Oral history and traditional knowledge were passed on through bedtime or moral stories in the domestic space, a task mostly taken on by the women of the household; mothers, grandmothers, etc. And as it happens, ‘Valliamma peraandi’ or Valliamma’s grandson’s tribute to the matriarch of his family is special in more ways than one; for the first time, a story-telling grandmother has a name. Not much unlike in a grandson’s imagination, she also has a majestic seat in the video.
As we know, the women belonging to a lower caste are victims of double oppression, one due to her caste, and another one for her gender. There exists another demon they have to face: poverty. In such a case, her voice being heard and her story being told are enormous leaps.
As a group within the society, the lower caste people suffer because of discrimination, which more often than not happens to be a humiliating experience as we know from accounts of untouchables and other lower castes. In some cases, even being seen is an unclean act; menstruating women belonging to any caste remain unclean beings to this date and have to isolate themselves for the duration. Women in India in general and Dalit women, in particular, are among the most marginalised lot in the world. Gender inequality and caste oppression deny these women access to health care, basic human rights, justice and of course, resources.
Furthermore, gender representation and gender roles in ‘Enjoy Enjaami’ are other interesting aspects. As mentioned earlier, a male taking on the feminine voice and/or any feminine trait is a matter of ridicule in society, it is an issue frowned upon and considered shameful to his family and to him. But here, the lyricist/singer quite literally becomes the voice of his grandmother. Arivarasan singing in a woman’s voice is him breaking gender stereotypes, and moving forward to a more egalitarian world.
The video features real people from rural India, the lyricist’s grandmother and her compatriots who shared her life experiences. The choice of making regular villagers and actual native agricultural workers feature in the video is an interesting one, as it mainstreams the ‘unfavourable’ and ends up featuring not-so-commercial faces. Thus, making clearly visible all that is unclean and was avoided earlier, especially the old women and men.
“Enjoy Enjaami” is a blend of a traditional Tamil folk song with rap, adding freshness to the song. The use of traditional instruments sets the mood, which is an earthy, rustic one that stays true to the essence of the song. The song is an engaging story a grandmother tells starting off from the beginning of time to a time when the world became ‘home’ and then ending with a moralistic and metaphorical coming together of all, to rejoice in oneness.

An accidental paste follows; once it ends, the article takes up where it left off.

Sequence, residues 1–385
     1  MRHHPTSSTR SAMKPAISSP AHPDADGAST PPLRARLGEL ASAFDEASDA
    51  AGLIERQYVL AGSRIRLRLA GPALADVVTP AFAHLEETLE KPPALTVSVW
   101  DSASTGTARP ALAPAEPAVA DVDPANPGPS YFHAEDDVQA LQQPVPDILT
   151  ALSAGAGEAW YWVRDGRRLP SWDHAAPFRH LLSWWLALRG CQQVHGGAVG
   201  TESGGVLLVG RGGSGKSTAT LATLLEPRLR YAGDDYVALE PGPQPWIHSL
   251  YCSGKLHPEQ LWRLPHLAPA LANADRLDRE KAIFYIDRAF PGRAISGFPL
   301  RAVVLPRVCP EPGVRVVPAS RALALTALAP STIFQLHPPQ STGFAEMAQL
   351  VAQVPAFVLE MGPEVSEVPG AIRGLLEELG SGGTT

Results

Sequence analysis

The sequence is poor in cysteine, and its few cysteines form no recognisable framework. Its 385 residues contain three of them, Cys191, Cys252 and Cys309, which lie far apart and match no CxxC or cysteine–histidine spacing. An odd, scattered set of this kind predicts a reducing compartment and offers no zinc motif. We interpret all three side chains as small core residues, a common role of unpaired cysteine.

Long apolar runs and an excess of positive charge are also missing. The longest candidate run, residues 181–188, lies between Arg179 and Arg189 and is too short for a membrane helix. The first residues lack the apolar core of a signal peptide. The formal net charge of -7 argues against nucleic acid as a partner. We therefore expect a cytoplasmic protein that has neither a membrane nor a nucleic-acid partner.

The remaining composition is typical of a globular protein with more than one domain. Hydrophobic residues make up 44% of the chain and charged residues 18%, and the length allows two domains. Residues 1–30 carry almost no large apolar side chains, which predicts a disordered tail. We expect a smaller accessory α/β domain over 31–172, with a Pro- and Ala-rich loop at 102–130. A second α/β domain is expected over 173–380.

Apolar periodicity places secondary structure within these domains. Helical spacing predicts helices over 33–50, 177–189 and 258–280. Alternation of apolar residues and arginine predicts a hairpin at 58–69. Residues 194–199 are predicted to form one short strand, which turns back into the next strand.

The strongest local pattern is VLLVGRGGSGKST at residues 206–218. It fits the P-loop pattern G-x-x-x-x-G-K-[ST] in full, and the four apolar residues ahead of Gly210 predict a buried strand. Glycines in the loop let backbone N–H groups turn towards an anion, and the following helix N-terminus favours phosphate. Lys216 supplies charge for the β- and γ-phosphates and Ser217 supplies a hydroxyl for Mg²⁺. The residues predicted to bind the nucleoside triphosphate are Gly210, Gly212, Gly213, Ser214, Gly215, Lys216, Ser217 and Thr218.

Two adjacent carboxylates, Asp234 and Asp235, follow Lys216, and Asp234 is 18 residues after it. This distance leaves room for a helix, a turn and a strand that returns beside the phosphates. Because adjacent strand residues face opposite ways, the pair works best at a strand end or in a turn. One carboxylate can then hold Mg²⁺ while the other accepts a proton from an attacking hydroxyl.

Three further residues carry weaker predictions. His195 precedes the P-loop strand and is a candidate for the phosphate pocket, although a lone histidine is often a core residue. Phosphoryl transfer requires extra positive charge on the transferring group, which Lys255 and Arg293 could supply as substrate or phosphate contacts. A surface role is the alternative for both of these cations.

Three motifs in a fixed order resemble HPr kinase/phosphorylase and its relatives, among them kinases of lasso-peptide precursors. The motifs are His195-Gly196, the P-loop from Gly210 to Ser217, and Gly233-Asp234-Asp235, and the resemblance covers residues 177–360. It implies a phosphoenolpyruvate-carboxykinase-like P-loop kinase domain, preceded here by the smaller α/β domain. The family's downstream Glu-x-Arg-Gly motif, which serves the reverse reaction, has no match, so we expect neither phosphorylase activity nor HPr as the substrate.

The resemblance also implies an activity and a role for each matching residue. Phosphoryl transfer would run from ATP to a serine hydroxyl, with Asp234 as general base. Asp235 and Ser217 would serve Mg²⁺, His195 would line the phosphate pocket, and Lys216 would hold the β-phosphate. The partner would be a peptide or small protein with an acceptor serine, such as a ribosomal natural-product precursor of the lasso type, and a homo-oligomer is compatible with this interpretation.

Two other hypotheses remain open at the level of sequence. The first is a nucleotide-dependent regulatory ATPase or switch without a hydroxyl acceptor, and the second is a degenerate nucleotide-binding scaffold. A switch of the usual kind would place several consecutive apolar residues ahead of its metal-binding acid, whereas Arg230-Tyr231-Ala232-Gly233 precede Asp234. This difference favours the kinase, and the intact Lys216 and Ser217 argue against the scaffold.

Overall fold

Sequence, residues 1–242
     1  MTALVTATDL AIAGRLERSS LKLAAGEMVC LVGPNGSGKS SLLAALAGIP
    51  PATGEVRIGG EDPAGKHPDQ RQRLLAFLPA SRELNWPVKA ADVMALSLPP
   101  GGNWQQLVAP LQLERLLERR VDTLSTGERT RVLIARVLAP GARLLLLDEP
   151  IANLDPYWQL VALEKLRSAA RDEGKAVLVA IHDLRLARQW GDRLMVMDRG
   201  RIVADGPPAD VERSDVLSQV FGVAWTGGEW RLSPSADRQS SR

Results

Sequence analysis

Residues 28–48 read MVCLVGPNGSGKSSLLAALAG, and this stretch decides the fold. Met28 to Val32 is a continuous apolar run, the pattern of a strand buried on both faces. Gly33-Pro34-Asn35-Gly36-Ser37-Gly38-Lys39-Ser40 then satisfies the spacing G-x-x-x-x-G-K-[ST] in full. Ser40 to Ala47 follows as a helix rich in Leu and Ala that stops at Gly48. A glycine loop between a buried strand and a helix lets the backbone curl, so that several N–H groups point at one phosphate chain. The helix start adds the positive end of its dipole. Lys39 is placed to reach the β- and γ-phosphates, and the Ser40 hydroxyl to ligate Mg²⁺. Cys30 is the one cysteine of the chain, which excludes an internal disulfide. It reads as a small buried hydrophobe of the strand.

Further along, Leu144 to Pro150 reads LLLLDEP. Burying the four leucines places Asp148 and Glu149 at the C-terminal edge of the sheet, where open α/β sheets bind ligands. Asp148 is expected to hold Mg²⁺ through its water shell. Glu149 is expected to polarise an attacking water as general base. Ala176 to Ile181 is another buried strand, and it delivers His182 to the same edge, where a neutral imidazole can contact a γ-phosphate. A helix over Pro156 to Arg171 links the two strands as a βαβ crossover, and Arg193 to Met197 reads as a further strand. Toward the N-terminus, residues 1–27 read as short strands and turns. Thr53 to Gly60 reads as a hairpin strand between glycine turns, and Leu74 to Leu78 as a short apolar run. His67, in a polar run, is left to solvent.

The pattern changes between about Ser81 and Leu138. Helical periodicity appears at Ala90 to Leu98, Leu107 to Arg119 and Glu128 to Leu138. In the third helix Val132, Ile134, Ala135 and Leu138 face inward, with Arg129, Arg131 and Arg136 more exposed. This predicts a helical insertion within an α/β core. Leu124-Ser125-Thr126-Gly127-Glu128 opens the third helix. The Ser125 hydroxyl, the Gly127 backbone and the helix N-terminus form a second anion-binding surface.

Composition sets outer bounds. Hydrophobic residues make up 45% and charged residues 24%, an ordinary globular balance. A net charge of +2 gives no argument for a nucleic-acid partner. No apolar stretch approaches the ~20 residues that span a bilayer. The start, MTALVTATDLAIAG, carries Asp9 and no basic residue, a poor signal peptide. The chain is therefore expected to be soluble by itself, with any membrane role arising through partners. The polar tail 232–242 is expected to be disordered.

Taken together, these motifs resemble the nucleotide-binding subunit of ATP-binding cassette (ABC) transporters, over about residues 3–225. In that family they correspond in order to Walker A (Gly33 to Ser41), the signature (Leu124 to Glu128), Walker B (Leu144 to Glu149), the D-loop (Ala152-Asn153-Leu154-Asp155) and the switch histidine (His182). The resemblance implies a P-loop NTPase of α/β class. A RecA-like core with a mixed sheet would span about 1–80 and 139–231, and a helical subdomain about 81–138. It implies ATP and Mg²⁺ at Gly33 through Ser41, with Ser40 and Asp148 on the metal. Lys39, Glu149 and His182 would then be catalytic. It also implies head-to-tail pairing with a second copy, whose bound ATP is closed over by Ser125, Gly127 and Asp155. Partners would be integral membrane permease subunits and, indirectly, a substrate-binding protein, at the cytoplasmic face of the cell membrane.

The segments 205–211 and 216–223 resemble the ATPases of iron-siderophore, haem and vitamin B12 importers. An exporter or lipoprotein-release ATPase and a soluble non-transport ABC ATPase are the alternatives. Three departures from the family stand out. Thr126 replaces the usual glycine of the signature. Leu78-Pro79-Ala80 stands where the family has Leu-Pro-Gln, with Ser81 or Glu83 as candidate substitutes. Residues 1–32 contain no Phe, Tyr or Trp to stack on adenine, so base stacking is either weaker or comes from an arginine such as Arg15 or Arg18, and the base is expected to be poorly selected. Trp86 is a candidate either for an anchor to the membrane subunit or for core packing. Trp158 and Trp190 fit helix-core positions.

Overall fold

Going by the definition of gaana and rap, it is loud and clear that these two art forms are born out of oppression, exploitation and discrimination. Gaana and rap are a symbol of resistance. The recent Tamil gaana-style rap single “Enjoy Enjaami” is a perfect example of resistance and a fitting response to caste oppression/discrimination. This song is composed with a mix of music grammar of oppari, gaana, rap, hip-hop, Tamil folk song and oppressed people’s language.
If rap is performed to fight against the discrimination of the blacks in the Western countries and the Americas, gaana is performed to fight against the discrimination of lower caste communities in India and other South Asian countries.
Let us analyse the title of the single “Enjoy Enjaami”. ‘Enjoy’ can have two explanations. The first explanation is very simple. It is an English word. There is nothing to explain since it is crystal clear to all those who know English. The second meaning is noteworthy not only to English-speaking audience but also to Tamil-speaking populace. This “enjoy” comes from a well-known Tamil expression/phrase “en thaayee” (என்தாயி). It is also a colloquial way of saying “en thaai” (என்தாய்). According to the singer Arivarasu Kalainesan, “en joyee” is a distortion of “en thaayee” just like “enjaami” (என்ஜாமி) which is a distortion of “en saami” (என்சாமி).